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Zoo in the Hollow

Cattle egret

Scientific name: Bubulcus ibis
Family: Ardeidae
Order: Pelecaniformes
Class: Aves
Range: Worldwide
Habitat: Grassland, urban, wetland
Lifespan: Unknown in the wild; up to 20 years in captivity

What do they look like?
Cattle egrets are white heron-like birds, 18 to 22 inches long with a 32 to 38 inch wingspan. They have long legs and toes, a thick neck, and a long, sharp bill, which is black in juveniles and yellow in adults. When flying or resting, they curve their neck into an S-shape, which gives them a hunched-over appearance. How do they behave? Unlike other egret species, cattle egrets do not exclusively inhabit wetlands. This species has a commensal relationship (an animal benefits while their host animal is not affected) with large grazing herbivores. Cattle egrets will eat the insects and small animals that are stirred up by these large grazers, and they can be seen following alongside or riding on the backs of their hosts. This allows these birds to live in a variety of habitats wherever their hosts are found. Cattle egrets can use any animal or machine that stirs insects up out of the ground as a commensal host. Animal hosts can include cattle, water buffalo, ostriches, and even rhinoceroses. Machine hosts can be anything from tractors to lawn mowers, and even airplanes! These egrets prefer to follow slower moving hosts, allowing them to keep up with the herd on foot while foraging.

What do they eat?
Cattle egrets predominantly eat insects, but they may also eat other small creatures that are disrupted by the movement of their hosts, such as frogs, snakes, worms and eggs. At Happy Hollow, they eat mice, specialized bird food and insects.

How are they born?
During their summer breeding season, both males and females grow orange breeding plumage. Breeding plumage is longer and darker in males. Cattle egrets nest in colonies, where they find a new mate every mating season. It is in these colonies that the males perform elaborate courtship rituals that consist of raising their breeding plumage, swaying and flying with exaggerated wingbeats. Pairs build a nest together, and the female lays three to four eggs, which both parents incubate for about 25 days. Once hatched, the nestlings will be fed via regurgitation by both parents until they become independent after six weeks.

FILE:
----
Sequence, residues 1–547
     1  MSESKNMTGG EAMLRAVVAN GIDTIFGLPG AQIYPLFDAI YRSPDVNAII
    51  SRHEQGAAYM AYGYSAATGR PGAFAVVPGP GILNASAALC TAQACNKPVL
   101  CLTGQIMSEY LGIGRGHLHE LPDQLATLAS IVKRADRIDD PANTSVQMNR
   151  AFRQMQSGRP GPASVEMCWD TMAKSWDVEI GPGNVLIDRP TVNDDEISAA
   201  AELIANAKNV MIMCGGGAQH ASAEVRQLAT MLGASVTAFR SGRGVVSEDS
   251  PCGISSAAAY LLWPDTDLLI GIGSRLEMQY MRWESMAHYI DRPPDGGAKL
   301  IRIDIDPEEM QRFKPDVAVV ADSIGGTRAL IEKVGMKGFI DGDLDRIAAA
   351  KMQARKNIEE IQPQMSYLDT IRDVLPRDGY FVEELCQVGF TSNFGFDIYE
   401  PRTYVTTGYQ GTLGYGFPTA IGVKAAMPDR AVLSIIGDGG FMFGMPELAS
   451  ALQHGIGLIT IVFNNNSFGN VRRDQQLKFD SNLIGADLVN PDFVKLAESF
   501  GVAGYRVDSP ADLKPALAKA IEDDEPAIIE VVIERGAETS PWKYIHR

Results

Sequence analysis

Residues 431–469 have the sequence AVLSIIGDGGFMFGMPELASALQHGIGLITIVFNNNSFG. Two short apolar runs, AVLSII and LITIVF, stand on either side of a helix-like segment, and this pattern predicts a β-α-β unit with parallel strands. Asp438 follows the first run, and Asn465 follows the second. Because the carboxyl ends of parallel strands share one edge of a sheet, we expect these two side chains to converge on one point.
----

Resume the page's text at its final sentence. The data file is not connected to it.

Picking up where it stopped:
Cattle egrets are so widespread and successful that they are classified as a species of Least Concern by the International Union for Conservation of Nature . Human development worldwide has had a positive effect overall for this species, but has also increased the likelihood of pollution ending up in cattle egret habitat. The North American Breeding Bird Survey was created to monitor the status of bird populations, which provides data used by the U.S. Fish and Wildlife Service to determine the conservation status of this species and others. If you would like to support the cattle egret’s success in the wild, you should dispose of all household chemicals properly to prevent them from entering cattle egret habitat, which could result in harmful build up in a cattle egret’s feathers. Keeping our water clean is good for both cattle egrets and people.